The billboard trap
The House Fly – More Than Just a Household Annoyance
As homeowners open doors and windows to welcome fresh air for the summer, they’re also rolling out the red carpet for a commonly known pest- the house fly. Although house flies are a familiar disturbance, they are also a major carrier of communicable diseases. The National Pest Management Association (NPMA) advises homeowners to take precautions to prevent these tiny pests from becoming health burdens.
“House flies do not bite, but are capable of transferring more than 100 pathogens, including malaria, salmonella and tuberculosis,” said Missy Henriksen, vice president of public affairs for the NPMA. “They contaminate food and surfaces by spreading disease organisms picked up on the silla on their bodies and through their saliva that is used to break down foods. And if that’s not enough, they defecate constantly.”
House flies are widespread due to their ability to procreate quickly and in large quantities. While they have been known to move 20 miles from where they were hatched, they typically stay within a mile of their birthplace. Prominent in rural environments due to their attraction to manure and other organic matter, house flies can also be found in other areas of filth including garbage and sewage.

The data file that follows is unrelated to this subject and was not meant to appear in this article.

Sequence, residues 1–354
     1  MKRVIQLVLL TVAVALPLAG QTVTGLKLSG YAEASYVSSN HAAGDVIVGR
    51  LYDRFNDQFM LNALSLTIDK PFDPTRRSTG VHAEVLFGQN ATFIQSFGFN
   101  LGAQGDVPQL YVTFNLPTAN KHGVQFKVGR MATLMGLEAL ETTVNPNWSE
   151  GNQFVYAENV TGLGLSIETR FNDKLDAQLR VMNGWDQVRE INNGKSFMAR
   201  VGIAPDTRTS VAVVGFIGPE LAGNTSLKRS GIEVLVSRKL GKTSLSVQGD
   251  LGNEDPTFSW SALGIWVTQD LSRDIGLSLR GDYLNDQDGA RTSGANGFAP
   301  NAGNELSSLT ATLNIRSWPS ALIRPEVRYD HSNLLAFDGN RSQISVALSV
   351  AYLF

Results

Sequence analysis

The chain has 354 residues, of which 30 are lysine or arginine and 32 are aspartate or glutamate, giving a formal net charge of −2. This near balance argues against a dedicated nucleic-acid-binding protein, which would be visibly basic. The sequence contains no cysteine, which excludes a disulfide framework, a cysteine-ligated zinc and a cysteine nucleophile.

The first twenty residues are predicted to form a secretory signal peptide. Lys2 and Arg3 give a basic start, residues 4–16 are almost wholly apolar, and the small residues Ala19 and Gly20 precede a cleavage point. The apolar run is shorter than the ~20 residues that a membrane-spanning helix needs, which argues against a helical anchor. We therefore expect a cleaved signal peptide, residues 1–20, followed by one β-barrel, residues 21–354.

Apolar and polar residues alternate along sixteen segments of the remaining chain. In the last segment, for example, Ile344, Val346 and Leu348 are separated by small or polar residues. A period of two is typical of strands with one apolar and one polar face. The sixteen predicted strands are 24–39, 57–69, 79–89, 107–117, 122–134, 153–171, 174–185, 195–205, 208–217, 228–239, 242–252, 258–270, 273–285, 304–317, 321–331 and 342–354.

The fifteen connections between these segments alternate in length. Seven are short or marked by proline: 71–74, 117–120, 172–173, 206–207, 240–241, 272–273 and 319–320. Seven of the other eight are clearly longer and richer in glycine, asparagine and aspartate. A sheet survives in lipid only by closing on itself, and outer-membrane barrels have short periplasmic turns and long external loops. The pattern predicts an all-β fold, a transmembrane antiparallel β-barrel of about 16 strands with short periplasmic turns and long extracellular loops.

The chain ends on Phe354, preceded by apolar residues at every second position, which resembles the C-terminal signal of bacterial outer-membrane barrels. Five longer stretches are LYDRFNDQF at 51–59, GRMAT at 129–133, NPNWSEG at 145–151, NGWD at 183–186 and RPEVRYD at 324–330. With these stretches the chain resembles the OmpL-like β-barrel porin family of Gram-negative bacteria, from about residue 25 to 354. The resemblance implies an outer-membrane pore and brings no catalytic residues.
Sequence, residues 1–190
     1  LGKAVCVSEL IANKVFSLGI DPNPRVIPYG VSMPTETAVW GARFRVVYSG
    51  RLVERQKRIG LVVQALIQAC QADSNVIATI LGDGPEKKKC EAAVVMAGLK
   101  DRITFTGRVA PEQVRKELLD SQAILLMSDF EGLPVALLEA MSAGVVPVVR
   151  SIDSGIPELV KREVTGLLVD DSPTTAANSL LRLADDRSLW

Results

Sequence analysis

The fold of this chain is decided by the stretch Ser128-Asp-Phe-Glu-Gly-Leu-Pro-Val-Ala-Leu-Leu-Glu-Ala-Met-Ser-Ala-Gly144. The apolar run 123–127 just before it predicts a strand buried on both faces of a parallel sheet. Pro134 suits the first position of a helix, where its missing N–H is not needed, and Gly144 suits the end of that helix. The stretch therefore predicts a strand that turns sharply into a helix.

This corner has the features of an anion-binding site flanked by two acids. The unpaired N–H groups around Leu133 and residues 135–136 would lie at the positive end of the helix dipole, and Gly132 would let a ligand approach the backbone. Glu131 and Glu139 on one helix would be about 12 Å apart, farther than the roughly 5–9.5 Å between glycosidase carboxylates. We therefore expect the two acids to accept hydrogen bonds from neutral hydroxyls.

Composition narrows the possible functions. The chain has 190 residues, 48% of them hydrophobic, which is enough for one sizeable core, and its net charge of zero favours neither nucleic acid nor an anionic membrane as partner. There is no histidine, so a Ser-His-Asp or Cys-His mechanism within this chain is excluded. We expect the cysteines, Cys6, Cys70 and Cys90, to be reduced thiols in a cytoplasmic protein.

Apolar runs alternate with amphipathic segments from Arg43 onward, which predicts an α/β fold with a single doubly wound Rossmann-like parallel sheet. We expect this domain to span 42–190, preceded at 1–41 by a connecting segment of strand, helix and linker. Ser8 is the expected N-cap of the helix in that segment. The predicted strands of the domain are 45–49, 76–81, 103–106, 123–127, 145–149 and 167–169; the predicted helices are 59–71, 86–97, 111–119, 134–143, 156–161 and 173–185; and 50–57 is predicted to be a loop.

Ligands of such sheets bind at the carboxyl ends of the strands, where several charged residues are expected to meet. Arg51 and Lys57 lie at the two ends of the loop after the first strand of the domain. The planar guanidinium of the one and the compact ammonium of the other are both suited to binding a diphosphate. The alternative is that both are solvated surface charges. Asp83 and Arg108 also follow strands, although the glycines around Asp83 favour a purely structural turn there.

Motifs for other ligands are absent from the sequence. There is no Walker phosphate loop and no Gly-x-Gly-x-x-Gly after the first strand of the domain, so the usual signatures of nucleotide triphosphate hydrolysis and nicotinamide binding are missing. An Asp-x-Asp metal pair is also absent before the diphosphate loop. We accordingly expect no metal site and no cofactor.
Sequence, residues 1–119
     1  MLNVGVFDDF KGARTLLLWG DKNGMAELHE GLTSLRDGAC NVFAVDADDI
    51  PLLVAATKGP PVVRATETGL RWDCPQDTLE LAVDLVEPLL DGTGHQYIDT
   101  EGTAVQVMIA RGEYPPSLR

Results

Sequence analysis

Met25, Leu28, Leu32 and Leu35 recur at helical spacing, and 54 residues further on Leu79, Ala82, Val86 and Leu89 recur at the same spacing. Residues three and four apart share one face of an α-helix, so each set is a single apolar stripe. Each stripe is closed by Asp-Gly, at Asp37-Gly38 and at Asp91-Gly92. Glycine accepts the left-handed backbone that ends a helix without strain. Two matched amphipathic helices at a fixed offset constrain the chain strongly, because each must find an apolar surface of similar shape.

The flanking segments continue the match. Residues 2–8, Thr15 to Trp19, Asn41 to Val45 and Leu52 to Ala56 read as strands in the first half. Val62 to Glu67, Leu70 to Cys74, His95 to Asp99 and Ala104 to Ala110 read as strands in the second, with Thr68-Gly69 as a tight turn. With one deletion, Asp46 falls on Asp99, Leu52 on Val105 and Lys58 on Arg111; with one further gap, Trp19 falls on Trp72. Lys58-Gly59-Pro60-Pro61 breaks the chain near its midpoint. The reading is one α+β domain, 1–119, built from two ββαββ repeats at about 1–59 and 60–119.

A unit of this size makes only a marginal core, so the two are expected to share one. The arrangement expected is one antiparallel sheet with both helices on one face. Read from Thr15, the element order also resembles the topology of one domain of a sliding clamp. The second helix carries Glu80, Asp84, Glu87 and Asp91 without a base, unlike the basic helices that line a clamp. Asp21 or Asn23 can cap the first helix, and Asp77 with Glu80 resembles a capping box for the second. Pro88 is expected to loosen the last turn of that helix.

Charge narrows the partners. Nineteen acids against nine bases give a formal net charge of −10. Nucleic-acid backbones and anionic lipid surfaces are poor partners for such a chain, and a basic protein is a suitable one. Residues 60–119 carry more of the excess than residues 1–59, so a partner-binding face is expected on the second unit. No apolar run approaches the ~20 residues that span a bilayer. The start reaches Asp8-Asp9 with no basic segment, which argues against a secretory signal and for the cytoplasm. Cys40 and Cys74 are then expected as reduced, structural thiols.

NPMA and Hulett Environmental recommends that homeowners follow these tips to help prevent house flies in their own homes:
- Keep kitchen trash in sealed containers and the receptacles as clean as possible.
- Dispose of waste regularly and keep away from your home.
- Be aware of sources of excessive moisture.
- Keep counters and surfaces clean.
- Prevent home access by keeping doors, windows and vents closed when possible.
- Properly screen windows and seal potential entryways, repairing any rips or tears in screens.
- If you have dogs, horses or other animals near the home, remove feces from the yard and surrounding areas.
- For an uncontrolled house fly population, contact a licensed pest professional.
“Flydra,” a new multi-camera, real-time, three-dimensional method of recording multiple flying animals, shows the minutest details of airborne insects. Click link at right to get the whole story. This movie shows various 2-D cameras tracking…